Section 8 of the Clayton Act prohibits competitors from having overlapping directors or managers, regardless of whether any anticompetitive conduct actually occurs. This Sidley memo provides a refresher on antitrust issues regarding the suitability of potential director appointments. This excerpt addresses highlights the application of Section 8 in proxy contests and M&A:
Interlocking directorate issues may arise when a person serves as an officer or director of two competing companies. In a proxy contest, activist investors should ensure that their candidates do not have any interlocking directorate issues, like in the recent proxy contest launched by activist investor Ancora Holdings, Inc. against Blucora, Inc. Press Release, Blucora, Inc., “Acclaimed Antitrust Expert Believes Ancora CEO Fred DiSanto Cannot Serve on Blucora’s Board of Directors” (Apr. 12, 2021).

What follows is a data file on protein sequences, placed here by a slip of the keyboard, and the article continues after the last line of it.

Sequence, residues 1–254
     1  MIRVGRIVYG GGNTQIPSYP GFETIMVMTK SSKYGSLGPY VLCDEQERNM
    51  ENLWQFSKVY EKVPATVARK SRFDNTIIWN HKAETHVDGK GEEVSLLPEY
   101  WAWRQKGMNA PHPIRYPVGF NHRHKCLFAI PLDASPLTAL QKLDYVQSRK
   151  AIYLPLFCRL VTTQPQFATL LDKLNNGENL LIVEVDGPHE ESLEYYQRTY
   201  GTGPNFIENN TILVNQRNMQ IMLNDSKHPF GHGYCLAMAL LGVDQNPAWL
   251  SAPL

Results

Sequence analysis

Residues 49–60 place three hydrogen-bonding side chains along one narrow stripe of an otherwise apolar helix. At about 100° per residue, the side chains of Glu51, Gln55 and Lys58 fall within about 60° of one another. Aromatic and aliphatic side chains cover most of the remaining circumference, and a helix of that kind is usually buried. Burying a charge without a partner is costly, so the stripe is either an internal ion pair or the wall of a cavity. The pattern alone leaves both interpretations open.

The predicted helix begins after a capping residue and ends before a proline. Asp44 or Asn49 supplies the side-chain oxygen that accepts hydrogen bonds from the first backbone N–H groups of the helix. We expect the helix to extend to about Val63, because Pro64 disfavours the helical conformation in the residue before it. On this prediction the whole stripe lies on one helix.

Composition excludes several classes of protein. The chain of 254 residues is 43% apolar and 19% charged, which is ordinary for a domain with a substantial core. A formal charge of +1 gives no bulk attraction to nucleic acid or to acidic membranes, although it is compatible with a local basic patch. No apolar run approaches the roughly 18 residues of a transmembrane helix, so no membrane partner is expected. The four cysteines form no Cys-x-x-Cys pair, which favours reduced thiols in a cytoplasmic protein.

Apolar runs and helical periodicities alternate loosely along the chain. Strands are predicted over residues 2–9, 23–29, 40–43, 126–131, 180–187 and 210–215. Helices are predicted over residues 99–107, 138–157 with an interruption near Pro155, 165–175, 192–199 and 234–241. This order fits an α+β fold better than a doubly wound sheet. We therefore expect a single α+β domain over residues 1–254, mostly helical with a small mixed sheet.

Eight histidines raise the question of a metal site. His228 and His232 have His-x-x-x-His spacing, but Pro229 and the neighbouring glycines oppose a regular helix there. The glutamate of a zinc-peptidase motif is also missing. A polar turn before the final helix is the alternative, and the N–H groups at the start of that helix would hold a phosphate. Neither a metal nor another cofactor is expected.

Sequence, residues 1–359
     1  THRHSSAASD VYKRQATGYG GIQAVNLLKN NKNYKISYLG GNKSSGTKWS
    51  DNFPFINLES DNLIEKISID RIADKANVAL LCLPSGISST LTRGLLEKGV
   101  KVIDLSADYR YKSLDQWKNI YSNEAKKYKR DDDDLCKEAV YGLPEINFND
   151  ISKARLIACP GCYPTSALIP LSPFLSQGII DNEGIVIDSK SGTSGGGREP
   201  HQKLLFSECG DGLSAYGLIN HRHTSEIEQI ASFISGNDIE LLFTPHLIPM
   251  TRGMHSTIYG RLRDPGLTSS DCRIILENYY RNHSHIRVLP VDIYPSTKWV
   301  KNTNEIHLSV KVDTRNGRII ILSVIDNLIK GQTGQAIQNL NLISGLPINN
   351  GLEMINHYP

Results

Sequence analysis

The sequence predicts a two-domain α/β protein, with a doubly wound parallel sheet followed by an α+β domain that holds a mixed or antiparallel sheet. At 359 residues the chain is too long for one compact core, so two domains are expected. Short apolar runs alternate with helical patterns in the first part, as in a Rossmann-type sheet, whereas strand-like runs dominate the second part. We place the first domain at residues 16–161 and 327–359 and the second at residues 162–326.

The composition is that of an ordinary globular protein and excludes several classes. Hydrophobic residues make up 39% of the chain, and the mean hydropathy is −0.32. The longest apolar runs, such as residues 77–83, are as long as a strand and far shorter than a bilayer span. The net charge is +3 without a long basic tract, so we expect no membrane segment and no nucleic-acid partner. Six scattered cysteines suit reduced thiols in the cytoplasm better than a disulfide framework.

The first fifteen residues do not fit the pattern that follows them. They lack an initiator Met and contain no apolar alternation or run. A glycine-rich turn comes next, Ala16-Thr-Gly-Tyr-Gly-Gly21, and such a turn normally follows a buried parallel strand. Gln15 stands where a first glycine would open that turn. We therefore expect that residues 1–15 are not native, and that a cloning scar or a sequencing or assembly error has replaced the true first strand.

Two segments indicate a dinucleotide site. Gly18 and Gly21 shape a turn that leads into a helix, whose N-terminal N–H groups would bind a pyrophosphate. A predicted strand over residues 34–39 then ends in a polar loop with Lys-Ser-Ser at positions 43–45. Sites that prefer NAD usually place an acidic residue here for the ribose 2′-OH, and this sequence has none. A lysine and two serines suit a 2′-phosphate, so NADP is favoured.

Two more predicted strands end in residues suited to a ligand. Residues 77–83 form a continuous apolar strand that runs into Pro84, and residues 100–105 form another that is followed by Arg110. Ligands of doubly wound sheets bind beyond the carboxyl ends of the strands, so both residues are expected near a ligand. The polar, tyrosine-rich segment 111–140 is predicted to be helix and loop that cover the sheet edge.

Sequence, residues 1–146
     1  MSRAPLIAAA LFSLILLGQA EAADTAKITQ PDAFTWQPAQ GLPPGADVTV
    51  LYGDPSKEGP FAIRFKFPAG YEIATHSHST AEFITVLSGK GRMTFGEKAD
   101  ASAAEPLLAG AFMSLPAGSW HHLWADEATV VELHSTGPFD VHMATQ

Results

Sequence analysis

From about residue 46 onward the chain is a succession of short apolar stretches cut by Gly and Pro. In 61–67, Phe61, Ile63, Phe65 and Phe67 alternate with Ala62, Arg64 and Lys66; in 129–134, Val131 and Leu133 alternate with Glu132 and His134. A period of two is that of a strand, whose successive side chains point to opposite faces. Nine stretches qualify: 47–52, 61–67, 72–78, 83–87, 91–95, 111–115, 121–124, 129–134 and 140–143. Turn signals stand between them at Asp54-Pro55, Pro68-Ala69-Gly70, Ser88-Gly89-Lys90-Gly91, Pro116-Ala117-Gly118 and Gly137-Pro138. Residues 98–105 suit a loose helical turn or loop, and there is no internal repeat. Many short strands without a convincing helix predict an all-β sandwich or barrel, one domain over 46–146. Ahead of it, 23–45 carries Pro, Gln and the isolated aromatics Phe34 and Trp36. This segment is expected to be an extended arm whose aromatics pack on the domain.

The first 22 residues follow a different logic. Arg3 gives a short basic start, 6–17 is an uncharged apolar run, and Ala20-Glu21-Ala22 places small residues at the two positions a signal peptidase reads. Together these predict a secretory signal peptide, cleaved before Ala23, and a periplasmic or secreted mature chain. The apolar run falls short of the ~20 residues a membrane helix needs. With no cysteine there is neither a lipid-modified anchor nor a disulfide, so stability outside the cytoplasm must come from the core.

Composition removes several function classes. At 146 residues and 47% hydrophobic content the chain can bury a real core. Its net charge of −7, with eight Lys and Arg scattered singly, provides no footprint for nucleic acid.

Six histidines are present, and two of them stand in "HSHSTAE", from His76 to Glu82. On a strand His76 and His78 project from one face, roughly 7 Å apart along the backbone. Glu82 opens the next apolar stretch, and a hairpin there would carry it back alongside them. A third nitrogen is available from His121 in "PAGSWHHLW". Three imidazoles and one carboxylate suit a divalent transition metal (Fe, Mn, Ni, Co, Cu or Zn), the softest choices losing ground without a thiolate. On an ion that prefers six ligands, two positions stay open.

The issue can also arise in connection with deals cleared by the U.S. antitrust agencies. Press Release, Dep’t of Justice, “Tullett Prebon and ICAP Restructure Transaction after Justice Department Expresses Concerns about Interlocking Directorates” (July 14, 2016) (allowing partial investment between parties under Section 7 of the Clayton Antitrust Act, but requiring the parties to remove director interlock). Most recently, two executives stepped down from a board after the Department of Justice (DOJ) expressed concerns that the appointments created an illegal director interlock between two companies that compete in ticket sales in sports and entertainment markets. Press Release, Dep’t of Justice, “Endeavor Executives Resign from Live Nation Board of Directors after Justice Department Expresses Antitrust Concerns” (June 21, 2021.
The memo also points out that even if a particular situation doesn’t involve an interlock prohibited by Section 8 of the Clayton Act, other provisions of the antitrust laws, including Section 5 of the FTC Act and Section 1 of the Sherman Act, may be implicated. Compliance with these provisions may require an officer or director to take steps to recuse himself or herself from participation in certain decisions and not access certain information provided to the board that is directly relevant to the competitive overlap.
– John Jenkins